Soloist gives his royalties to Covid-hit youngsters

Soloist gives his royalties to Covid-hit youngsters


norman lebrecht

June 28, 2021

The Hungarian-born violinist György Pauk has published an English version of his life story, ahead of his 85th birthday.

He writes on the frontispiece: This book was prepared for publication during the 2020/21 period of the Covid pandemic. As everyone knows this has had a traumatic impact on the classical music community in the UK and overseas. Many of those earning their living in this sector of the economy are freelance or self-employed, and demand for their services has collapsed. As for the students preparing to follow in their footsteps, they are anxiously wondering what the future holds for them.

I have decided that all proceeds from the sale of this book will be distributed to charities supporting young classical musicians.



  • Jan Kaznowski says:

    Great guy ! I’d love to read this book – I still remember his dynamic presence at premiere of Tippett’s triple concerto (Proms 1980)

  • Garry Humphreys says:

    His piano trio with Ralph Kirshbaum and Peter Frankl was wonderful! They always seemed to be enjoying themselves so we the listeners enjoyed it too.

  • FrauGeigerin says:

    His recording of Bartok is legendary.

    • Andrew Condon says:

      Indeed they are. Years ago I went backstage after he had performed the Brahms Concerto in Tunbridge Wells. He and his wife were very pleasant and more than happy to chat for a good five minutes. A great opera lover – he was interested that I lived quite near Glyndebourne. Not wishing to push my luck, I produce just 2 Naxos Bartok booklets which he signed quite happily. He then says to me “there is another one you know” – his eyes lit up as I then produce a third booklet for him to sign!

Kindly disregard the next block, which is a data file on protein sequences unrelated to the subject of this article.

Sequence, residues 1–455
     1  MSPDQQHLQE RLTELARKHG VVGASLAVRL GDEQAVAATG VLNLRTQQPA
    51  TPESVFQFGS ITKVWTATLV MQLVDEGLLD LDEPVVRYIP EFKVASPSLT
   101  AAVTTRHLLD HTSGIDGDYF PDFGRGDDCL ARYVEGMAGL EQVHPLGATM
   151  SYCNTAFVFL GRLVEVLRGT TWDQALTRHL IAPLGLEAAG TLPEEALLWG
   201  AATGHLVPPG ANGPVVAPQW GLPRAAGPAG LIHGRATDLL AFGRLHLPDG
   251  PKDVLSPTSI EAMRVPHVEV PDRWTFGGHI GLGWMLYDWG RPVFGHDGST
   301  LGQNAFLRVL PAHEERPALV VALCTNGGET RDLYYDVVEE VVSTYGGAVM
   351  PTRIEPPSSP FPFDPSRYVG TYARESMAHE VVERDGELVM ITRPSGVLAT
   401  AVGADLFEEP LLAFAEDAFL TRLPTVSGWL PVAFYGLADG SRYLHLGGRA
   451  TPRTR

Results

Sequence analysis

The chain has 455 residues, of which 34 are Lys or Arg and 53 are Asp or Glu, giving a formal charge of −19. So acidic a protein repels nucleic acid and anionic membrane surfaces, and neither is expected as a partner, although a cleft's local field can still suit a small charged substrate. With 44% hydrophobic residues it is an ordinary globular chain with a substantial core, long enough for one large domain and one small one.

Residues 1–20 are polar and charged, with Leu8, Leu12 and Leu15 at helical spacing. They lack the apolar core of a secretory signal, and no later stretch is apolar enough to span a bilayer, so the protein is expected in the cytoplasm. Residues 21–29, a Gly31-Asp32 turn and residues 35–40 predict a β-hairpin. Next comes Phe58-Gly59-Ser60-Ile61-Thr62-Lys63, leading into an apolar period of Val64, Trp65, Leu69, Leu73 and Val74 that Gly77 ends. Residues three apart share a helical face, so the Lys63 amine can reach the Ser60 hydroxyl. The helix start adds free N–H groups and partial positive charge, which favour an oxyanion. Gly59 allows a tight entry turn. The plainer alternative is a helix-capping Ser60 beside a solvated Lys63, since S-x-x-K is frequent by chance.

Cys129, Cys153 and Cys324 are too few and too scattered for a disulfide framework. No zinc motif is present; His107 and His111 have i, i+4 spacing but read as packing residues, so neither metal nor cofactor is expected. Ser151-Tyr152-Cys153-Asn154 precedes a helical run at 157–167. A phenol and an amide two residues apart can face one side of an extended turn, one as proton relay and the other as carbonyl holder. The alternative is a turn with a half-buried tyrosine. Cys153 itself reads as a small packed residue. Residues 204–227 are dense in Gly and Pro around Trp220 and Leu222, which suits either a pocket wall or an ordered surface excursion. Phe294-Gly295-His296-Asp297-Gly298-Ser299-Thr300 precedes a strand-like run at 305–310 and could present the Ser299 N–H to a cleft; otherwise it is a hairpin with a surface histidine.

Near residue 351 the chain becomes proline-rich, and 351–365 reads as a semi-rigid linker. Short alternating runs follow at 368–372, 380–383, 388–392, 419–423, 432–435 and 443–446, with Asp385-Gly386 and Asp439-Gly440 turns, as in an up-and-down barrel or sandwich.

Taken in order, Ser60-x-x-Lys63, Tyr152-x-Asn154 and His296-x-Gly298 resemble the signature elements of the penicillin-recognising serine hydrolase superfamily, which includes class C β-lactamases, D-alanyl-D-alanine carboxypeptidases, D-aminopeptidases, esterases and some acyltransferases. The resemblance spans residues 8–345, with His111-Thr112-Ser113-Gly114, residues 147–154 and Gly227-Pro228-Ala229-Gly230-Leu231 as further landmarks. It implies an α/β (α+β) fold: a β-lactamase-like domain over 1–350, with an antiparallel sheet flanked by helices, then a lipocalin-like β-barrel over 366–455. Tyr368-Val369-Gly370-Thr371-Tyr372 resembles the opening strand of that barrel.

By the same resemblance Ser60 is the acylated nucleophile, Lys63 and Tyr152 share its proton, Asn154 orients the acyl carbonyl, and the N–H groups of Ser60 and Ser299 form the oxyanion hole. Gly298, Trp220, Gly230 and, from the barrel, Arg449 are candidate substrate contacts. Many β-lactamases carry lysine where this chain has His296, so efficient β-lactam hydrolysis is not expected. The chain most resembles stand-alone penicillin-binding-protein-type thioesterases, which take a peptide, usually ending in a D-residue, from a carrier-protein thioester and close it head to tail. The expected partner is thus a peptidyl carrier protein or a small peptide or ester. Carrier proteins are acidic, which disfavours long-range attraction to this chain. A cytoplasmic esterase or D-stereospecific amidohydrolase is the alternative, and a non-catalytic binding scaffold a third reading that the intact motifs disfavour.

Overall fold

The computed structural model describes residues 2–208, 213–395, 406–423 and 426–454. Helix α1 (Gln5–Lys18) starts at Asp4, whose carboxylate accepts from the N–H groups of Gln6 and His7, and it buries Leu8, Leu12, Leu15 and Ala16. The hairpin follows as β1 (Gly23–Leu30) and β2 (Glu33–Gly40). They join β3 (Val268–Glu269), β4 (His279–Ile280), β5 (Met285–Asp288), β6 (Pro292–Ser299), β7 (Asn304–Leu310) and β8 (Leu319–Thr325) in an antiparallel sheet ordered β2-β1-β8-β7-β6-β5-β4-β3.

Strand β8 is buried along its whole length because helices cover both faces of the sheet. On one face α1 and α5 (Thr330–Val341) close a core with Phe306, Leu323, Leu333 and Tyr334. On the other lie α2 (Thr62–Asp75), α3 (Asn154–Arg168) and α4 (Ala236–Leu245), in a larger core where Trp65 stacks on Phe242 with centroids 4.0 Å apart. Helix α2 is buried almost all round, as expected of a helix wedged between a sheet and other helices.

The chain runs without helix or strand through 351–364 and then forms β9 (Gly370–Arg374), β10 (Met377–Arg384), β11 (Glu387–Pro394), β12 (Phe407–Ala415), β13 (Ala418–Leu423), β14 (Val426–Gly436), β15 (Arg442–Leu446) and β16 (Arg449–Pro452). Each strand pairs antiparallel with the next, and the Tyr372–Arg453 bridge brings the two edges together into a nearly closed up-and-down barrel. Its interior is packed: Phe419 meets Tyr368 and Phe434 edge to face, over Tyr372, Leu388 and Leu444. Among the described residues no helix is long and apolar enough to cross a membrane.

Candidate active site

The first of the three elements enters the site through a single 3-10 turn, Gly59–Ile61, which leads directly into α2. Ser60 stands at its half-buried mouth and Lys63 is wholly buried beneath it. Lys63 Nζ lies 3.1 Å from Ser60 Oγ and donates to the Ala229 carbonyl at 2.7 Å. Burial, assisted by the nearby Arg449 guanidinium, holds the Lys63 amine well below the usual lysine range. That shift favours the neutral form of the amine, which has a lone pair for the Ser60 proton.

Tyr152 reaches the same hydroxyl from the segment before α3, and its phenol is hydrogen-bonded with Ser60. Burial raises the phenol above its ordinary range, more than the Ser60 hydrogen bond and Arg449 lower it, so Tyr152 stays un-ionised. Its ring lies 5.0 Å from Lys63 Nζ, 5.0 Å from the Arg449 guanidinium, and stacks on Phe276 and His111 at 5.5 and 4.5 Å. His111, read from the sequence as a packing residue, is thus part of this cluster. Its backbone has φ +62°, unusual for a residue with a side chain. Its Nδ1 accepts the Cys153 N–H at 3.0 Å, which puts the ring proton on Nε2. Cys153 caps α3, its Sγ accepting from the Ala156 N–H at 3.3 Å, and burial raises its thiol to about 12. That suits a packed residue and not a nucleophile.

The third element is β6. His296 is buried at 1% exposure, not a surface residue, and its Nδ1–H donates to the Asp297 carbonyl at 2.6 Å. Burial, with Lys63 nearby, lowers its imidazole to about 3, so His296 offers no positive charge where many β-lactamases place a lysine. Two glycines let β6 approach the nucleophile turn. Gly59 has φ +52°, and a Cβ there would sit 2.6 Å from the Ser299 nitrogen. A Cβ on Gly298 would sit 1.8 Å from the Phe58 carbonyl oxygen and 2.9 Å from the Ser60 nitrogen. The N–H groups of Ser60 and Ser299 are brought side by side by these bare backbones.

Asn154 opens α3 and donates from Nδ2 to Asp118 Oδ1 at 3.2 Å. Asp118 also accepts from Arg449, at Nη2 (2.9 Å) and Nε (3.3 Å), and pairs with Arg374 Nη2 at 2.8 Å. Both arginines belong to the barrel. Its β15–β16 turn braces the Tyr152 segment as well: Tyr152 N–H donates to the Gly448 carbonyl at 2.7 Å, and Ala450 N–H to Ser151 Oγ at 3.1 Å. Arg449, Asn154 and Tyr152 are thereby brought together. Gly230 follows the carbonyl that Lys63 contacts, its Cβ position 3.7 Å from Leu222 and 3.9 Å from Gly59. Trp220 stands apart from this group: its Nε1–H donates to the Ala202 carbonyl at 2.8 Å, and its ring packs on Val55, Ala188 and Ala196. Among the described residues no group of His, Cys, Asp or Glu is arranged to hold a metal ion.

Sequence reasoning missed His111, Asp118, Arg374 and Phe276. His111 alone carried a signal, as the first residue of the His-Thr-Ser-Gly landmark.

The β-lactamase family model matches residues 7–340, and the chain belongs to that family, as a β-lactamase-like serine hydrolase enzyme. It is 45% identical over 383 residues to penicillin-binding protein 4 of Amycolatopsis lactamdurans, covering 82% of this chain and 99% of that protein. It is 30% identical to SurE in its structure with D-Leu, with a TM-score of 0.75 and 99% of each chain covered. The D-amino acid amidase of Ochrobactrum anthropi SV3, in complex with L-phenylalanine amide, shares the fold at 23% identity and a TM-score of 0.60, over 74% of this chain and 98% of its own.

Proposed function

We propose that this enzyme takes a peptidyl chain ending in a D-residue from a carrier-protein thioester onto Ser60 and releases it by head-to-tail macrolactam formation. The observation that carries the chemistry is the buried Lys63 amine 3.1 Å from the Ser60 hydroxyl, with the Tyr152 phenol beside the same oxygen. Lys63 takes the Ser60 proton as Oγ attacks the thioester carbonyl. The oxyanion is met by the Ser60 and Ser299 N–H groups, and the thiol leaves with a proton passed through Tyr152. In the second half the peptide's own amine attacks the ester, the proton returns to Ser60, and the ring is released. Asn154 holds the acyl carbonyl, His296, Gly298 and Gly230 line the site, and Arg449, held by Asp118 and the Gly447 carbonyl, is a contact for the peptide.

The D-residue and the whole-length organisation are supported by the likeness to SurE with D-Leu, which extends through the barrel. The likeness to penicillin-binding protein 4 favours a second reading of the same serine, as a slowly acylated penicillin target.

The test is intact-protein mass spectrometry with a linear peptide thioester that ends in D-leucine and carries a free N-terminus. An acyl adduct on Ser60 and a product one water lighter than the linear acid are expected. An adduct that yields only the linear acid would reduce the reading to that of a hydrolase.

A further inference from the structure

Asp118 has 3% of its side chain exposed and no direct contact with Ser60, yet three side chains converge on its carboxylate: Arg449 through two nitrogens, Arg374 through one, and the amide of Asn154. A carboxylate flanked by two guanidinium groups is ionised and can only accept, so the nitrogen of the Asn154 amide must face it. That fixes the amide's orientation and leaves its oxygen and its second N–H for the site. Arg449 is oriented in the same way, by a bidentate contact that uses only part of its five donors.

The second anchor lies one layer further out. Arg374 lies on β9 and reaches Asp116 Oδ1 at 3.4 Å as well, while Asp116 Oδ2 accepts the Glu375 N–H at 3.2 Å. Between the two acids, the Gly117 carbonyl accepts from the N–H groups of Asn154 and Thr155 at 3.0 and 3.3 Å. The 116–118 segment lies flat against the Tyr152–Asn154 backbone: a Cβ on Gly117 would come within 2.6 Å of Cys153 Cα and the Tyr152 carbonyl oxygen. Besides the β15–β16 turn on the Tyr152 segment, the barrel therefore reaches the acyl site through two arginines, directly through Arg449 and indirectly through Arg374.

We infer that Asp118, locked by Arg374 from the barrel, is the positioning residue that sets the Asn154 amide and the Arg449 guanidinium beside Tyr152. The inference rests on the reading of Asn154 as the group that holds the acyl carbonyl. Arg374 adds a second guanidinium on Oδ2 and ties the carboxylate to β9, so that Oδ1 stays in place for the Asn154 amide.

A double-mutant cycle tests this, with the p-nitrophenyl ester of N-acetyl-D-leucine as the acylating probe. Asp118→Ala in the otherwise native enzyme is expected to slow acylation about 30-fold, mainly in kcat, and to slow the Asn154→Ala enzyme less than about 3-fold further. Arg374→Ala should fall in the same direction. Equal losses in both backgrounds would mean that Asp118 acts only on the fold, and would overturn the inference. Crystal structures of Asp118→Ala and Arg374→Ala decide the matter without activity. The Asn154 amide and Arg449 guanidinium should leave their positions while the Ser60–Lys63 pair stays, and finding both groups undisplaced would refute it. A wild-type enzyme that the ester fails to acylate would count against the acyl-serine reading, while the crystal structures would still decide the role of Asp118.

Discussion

• David K. Nelson says:

      Don’t forget his very fine set of CDs of the Mozart Violin Concertos, the single-movement works, the Concertone for two violins, and Sinfonie Concertante. A lovely blend of refinement and vigor.

  • Print media eh.... says:

    So about $220, then. What a hero

    • Jan Kaznowski says:

      Well at least Mr P shares his name in his book, unlike you..err.. Mr/Ms “Print media eh…”

    • BRUCEB says:

      You remind me of a colleague of mine who used to complain that we never good any really good or famous soloists to come play with our smallish regional orchestra. It was always 2nd- or 3rd-tier people, or youngsters trying to get started, or friends of the conductor (or more likely “friends” because they shared a manager)… in other words, people whose fees we could afford.

      Then, when we did get somebody good and famous (André Watts, c. 1996 – you can argue amongst yourselves about whether he’s actually good or famous; but while you’re arguing, keep in mind that you know his name), the first thing he said was “wow, his career must really be on the skids if he’s coming here.” He just refused to be pleased with anything. Watts came and played and was wonderful, but my friend was dissatisfied with the size of the audience…

      So — I was going to say something faux-snarky like “please let us know what dollar amount you would find satisfactory,” but I realized I already knew the answer to that question, or any question like it.

  • Bernard Jacobson says:

    György Pauk and I have been friends ever since my 1960s job with Philips in Holland, when, having escaped from Hungary in 1956, he spent several years as concertmaster of the Brabants Orkest in Eindhoven. A performance he gave in Chicago years later of Bartók’s Second Violin Concerto stands out in my memory. The result of his impeccably unified collaboration with Solti at his best was without question the greatest performance of the work I have ever heard, as subtle and lyrical as it was brilliant and passionate.

    As this news item attests, György is a very generous man. After a lunch we had together during his visit to Chicago, he insisted on picking up the check. I noticed he had not included a tip, so I said, “Let me do the tip.” “Oh, no,” he said, “it’s included in the bill.” When I explained that the percentage figure he was looking at was not for service but for tax, he was mortified: “No wonder I’ve been getting black looks from waiters on this whole tour!” I made a rule for myself after this experience: when you go to a new country, you must always find out as soon as possible what the local practice is with regard to charging or not charging for service.

  • Alasdair Munro says:

    I heard him at my first ever Proms concert in 1973, Mozart 4th concerto with Solti conducting the BBC SO.